At Regenexx Cayman, we know that both bone marrow aspirations and stem cell injections should be carried out with guidance.
Image guidance means that the doctor can see where the needle is going. And for both procedural results and patient comfort, there’s no reason that this shouldn’t be part of their protocol.
But not all stem cell clinics use guidance.
How important is it to take a bone marrow aspirate with guidance?
Imaging guidance means that the doctor can see where the needle is going. This is doubly important in the procedure used to harvest the stem cells: a bone marrow aspiration. While many physicians who are just starting to use bone marrow stem cells to treat things like knee, shoulder, hip, ankle, and hand/foot problems may believe they can take an accurate bone marrow aspirate without knowing where the needle is located, a simple anatomy review will show why this isn’t the case.
Above, you can see a slice through the PSIS (posterior superior iliac spine) area of the back of the pelvis (near the dimples of Venus). This is the most common bone marrow aspiration site to obtain stem cells. Note that the red arrow points to a section of the bone that’s paper thin and that the green arrow points to an area where it’s very thick. These areas are very close together, such that a needle that happens to get into the thin area will get no bone marrow (which is located inside the bone), but simply go through and through the bone, leading to a slow draw of blood that contains few of the stem cells sought. However, a needle that is guided to the correct thick area can easily tap into the bone marrow space and collect stem cells.
How did we learn this? 5 years ago as we started to culture cells, we learned it the hard way. A sample from the thin area produced no measurable cells in culture, while a needle into the thick area produced good cultured stem cells. The upshot? When taking bone marrow, a “blind” procedure (without fluoroscopic or ultrasound guidance) is likely to sometimes collect no stem cells. In addition, since the bedside centrifuges used by many physicians have no way to measure what’s obtained, the doctor never knows he’s just taken a bad sample that won’t help the patient, as a bad sample looks just like a good sample!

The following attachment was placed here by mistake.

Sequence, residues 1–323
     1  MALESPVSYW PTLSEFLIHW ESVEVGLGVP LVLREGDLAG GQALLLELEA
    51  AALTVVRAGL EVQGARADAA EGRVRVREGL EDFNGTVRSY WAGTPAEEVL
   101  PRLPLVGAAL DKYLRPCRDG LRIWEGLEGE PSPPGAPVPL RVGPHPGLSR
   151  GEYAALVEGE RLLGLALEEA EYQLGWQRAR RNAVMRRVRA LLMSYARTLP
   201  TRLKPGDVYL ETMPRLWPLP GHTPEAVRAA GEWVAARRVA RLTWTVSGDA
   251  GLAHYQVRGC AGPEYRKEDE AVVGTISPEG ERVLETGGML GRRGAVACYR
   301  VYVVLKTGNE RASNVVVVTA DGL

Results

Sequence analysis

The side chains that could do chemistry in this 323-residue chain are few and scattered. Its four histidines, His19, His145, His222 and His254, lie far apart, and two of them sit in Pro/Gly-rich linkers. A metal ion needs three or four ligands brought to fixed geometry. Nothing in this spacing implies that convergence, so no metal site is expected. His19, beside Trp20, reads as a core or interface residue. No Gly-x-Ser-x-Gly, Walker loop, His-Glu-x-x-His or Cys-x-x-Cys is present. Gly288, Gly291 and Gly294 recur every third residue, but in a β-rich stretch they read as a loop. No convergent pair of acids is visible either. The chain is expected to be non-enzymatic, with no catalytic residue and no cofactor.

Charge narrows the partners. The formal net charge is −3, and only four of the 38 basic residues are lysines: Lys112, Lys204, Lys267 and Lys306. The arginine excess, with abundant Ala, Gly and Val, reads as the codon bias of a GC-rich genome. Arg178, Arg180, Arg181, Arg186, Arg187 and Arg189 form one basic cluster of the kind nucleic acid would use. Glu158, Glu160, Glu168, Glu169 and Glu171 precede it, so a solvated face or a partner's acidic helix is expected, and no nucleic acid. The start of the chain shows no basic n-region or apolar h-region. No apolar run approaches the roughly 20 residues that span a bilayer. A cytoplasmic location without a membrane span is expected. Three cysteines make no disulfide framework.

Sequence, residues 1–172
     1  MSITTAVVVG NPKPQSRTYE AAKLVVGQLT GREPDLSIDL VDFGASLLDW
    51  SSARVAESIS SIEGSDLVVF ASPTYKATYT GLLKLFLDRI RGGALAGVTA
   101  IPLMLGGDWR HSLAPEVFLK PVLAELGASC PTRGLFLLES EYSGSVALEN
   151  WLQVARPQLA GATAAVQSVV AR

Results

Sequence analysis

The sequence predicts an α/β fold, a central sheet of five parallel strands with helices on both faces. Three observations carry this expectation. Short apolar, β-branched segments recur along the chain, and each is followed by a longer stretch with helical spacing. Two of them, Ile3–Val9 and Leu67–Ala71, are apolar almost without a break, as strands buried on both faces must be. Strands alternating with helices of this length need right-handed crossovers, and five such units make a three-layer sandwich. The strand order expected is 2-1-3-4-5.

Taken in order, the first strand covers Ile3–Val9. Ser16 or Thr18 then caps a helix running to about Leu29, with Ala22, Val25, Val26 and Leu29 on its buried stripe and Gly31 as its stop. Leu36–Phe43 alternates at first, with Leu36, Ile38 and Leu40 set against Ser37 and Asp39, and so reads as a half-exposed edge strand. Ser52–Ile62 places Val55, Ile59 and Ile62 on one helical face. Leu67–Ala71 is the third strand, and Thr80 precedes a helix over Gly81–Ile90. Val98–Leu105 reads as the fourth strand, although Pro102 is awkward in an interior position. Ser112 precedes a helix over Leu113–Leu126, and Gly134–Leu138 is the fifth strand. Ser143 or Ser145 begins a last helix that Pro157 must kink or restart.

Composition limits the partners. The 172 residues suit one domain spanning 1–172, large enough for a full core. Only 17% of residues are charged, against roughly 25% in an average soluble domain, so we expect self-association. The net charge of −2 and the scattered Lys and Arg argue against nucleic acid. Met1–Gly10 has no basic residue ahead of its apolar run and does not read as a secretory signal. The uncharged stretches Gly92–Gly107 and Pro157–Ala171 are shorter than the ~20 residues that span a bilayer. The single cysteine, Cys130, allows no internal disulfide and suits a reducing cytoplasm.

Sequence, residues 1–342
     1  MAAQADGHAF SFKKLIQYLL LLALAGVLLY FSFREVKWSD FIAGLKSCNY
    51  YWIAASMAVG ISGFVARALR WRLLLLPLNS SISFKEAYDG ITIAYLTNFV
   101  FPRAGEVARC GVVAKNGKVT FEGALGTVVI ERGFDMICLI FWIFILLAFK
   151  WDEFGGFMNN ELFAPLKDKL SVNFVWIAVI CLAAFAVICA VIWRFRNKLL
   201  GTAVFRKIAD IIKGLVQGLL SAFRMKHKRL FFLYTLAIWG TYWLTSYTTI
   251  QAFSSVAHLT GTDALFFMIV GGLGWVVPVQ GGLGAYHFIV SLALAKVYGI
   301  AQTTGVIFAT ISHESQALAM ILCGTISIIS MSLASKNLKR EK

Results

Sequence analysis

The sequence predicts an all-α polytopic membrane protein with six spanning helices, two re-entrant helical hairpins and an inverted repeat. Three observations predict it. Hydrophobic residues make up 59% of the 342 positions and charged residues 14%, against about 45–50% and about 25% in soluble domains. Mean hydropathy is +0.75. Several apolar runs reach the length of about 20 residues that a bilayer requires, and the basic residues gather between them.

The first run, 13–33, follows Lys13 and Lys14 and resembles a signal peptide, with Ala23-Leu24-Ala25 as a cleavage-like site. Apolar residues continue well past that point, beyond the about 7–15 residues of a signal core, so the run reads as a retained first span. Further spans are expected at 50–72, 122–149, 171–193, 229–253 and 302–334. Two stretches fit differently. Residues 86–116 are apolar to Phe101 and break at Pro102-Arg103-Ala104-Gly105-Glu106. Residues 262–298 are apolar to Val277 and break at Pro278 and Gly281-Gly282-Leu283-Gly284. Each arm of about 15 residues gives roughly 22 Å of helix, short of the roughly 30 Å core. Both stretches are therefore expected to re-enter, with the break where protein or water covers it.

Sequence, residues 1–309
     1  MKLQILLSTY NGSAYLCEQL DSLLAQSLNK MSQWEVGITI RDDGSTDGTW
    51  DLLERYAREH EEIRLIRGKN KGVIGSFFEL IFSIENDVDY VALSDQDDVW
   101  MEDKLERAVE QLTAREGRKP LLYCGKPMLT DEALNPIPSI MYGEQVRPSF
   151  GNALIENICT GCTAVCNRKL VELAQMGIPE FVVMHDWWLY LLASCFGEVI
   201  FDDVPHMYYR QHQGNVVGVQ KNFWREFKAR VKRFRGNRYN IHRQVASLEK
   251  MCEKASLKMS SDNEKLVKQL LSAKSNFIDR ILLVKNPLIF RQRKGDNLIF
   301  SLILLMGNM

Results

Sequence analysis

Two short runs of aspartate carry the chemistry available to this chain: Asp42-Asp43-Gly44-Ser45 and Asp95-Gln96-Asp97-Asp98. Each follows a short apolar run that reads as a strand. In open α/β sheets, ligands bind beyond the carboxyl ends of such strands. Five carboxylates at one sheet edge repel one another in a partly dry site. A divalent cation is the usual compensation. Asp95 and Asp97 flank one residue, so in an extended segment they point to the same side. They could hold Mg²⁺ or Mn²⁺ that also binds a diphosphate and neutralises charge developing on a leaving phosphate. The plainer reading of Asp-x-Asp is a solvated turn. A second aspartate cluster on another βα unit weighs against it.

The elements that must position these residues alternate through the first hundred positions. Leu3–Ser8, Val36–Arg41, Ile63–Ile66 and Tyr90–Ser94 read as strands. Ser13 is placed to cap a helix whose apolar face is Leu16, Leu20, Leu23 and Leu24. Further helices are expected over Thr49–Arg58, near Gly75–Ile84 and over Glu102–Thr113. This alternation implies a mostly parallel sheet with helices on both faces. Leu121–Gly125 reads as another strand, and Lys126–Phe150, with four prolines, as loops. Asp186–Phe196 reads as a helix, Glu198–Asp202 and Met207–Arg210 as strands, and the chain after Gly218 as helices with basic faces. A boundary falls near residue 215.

Placing Stem Cells with Accuracy
What about injecting stem cells? Can you inject stem cells blindly into a joint and get good results? This is an important question.
We’ve always used imaging guidance to ensure the cells get to the right place. The reason? Even in easier to inject joints, including the knee, experienced physicians injecting blindly in the office can miss the joint up to 14-45% of the time (depending on approach and the severity of arthritis).
So that means that injecting without imaging guidance (blind) will have stem cells get into the knee joint in some patients only about half of the time. Stem cells that aren’t in the knee will have no effect on the knee. The accuracy in other joints is often worse because the joints are smaller or have more soft-tissue.
What if we compare blindly injecting cells in a knee joint (if they get into the joint) versus exact placement to a certain spot within the joint? The diagrams above are from a study where the stem cells were placed blindly into the joint (intra-articular) versus exactly on the lesion (local adherent). The control was just injection of saline, which is far left. Notice that the purple stained cells on the surface are new cartilage cells (the blue cells under that are bone). The control shows little change, the intra-articular blind injection isn’t much better, and when the cells are placed directly on the specific damaged spot within the joint (far right local adherent) we see good cartilage repair. The same would hold true to injecting cells into a specific tendon, ligament, part of a meniscus, labrum, etc…
In summary, blindly harvesting stem cells without imaging guidance or blindly placing them into an area in need of repair doesn’t work well. Physicians practicing cell-based medicine need to have the ability to use many imaging modalities (fluoroscopy and ultrasound) to take or place cells.
This video provides an excellent look at how advanced Regenexx treatments are and why Regenexx is so different than other stem cell solutions. In this video, Regenexx co-founder and physician Dr. John Schultz guides you through a Knee ACL injection procedure, where you will see just how important the placement of cells can be in terms of producing the best possible patient outcomes.
Originally published on Regenexx.com, written by Dr Centeno.
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